- Chainalysis data suggests that almost no one is using Bitcoin for payments. But does it really mean anything?
- Bitfinex gets caught astroturfing on various social media platforms to manipulate its reputation
- White paper for Facebook’s GlobalCoin is expected to be published this month
- Anti-cryptocurrency draft bill in India proposes 10-year jail term for cryptocurrency HODLers
- Litecoin surges to 12-month high ahead of mining reward halving
Bitcoin for payments, anyone?
Data provided by blockchain investigation software developers, Chainalysis Inc., shows that merely 1.3% of on-chain transactions in the first quarter of 2019 accounted for merchant payments. Merchant payments constituted 0.9% of on-chain transactions in 2018.
These numbers shouldn’t come as a surprise given the volatility of Bitcoin and the ubiquity of the HODL memes in recent years across social media. Not too many people view Bitcoin as a medium of exchange just yet, but as more of an exotic tradable asset with a promise for immediate profits.
However, in saying that, merchant payments have trended up by more than 40% from last year and as a rule, there is a notion that people are likely to pay with Bitcoin and merchants are more inclined to accept it for payments when the price is trending up. Telecom services provider, AT&T, announced that it would be accepting Bitcoin payments in the wake of the recent price surge.
It’s important to note that the data from Chainalysis only takes into account transactions which go through Bitcoin payment processors such as BitPay, CoinGate and CoinPayments.
Most of these merchants use payment processing services to accept Bitcoin without actually taking Bitcoin as payment. Typically, the payment processor accepts Bitcoin from consumers and deposits fiat currency in the merchant’s bank account.
On Saturday, Lithuanian payment processor, CoinGate, disputed the accuracy of Chainalysis’ report, stating that the numbers presented in the report don’t add up. Earlier in the year, BitPay announced that it had processed over a billion dollars’ worth of transactions in 2018 for the second year in a row.
Even if Chainalysis’ numbers are a little off-the-mark, Bitcoin is a peer-to-peer currency for the Internet and its impact cannot, nay, should not be measured by merchant payments made through third party processors.
More significant is the fact that peer-to-peer transactions are up 56% from 2018, from 2.5% to 3.9%. Meanwhile, transactions involving centralized exchanges have declined from 92% in 2018 to 89% in the first quarter of 2019.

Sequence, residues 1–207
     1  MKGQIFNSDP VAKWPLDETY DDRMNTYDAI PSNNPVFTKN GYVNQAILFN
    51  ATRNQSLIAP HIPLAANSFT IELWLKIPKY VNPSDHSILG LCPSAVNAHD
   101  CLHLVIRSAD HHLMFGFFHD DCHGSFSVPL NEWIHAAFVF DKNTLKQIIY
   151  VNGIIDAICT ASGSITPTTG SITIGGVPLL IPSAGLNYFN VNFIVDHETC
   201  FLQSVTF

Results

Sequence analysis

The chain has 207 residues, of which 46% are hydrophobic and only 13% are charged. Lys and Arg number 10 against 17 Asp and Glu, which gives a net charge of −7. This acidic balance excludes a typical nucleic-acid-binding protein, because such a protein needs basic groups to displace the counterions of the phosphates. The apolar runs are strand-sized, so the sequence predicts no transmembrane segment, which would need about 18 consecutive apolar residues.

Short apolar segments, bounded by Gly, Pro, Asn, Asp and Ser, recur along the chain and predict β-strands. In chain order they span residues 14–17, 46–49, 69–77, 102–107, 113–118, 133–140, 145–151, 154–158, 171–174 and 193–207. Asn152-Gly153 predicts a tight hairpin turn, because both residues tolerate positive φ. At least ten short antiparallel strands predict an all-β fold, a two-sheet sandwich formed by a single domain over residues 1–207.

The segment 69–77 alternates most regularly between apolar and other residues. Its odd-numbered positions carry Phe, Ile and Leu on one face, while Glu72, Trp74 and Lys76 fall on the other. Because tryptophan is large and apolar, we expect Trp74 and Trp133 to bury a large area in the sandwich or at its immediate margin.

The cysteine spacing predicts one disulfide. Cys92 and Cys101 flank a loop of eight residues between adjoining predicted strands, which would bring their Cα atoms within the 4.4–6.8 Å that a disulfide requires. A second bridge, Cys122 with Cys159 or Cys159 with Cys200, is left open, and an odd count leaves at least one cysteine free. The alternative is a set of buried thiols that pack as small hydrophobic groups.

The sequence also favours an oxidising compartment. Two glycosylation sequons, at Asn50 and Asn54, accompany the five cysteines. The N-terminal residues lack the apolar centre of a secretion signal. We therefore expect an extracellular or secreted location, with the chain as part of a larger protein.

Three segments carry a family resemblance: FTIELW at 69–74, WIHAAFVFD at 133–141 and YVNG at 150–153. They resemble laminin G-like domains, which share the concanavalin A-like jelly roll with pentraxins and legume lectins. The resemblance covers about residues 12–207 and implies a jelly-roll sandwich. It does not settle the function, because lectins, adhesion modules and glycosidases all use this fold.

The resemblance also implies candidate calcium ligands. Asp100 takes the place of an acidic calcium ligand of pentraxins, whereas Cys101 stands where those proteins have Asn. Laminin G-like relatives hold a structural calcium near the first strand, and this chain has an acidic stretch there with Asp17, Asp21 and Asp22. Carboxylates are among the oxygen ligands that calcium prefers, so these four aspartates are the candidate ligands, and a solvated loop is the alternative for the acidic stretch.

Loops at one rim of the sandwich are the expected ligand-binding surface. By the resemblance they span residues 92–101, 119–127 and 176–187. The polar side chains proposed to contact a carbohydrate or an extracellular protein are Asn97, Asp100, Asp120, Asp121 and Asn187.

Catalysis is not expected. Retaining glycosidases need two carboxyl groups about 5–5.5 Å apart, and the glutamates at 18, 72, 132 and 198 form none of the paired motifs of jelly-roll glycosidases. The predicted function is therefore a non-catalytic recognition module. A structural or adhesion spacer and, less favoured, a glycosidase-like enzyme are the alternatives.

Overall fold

Bitfinex caught doing Bitfinex things
There’s a laundry list of controversies surrounding Bitfinex’s manipulative tendencies that at this point, that cloud of controversy engulfing Bitfinex might as well be a taping of Teflon.
Evidence showing Bitfinex using a service called PIDC Networks since at least June 2018 to manipulate their sordid reputation on social media platforms emerged this week on Reddit.
This confirms allegations made by dogged Bitfinex critic, Bitfinex’ed, back in 2018, that the exchange was using Twitter bot attacks and dedicated accounts on Reddit to vote down on all negative posts regarding Bitfinex and all of its platforms.
Bitfinex is probably not alone in astroturfing social media reputation, the very existence of astroturfing services attests to as much, but Bitfinex repeatedly getting away with all manner of manipulation is seriously affecting the reputation of cryptocurrencies as a whole.
Ripple killer or Facebook credits 2.0?
GlobalCoin, Facebook’s upcoming stablecoin, is its second foray into virtual currencies. Facebook launched a virtual currency in 2011, called Facebook credits, which went down like a lead balloon and became defunct within two years.
Reports this week have suggested that Facebook is all set to publish the white paper for GlobalCoin on June 18. Facebook’s head of financial services, Laura McCracken, revealed at a trade conference in Amsterdam that the stablecoin will be pegged to an index comprising multiple currencies, rather than any particular fiat currency.
While it’s not going to be truly decentralized, Facebook is planning to adopt an approach similar to Ripple, by allowing financial institutions and tech companies to operate as validating nodes on the network, a ‘privilege’ which can be availed for 10 million dollars.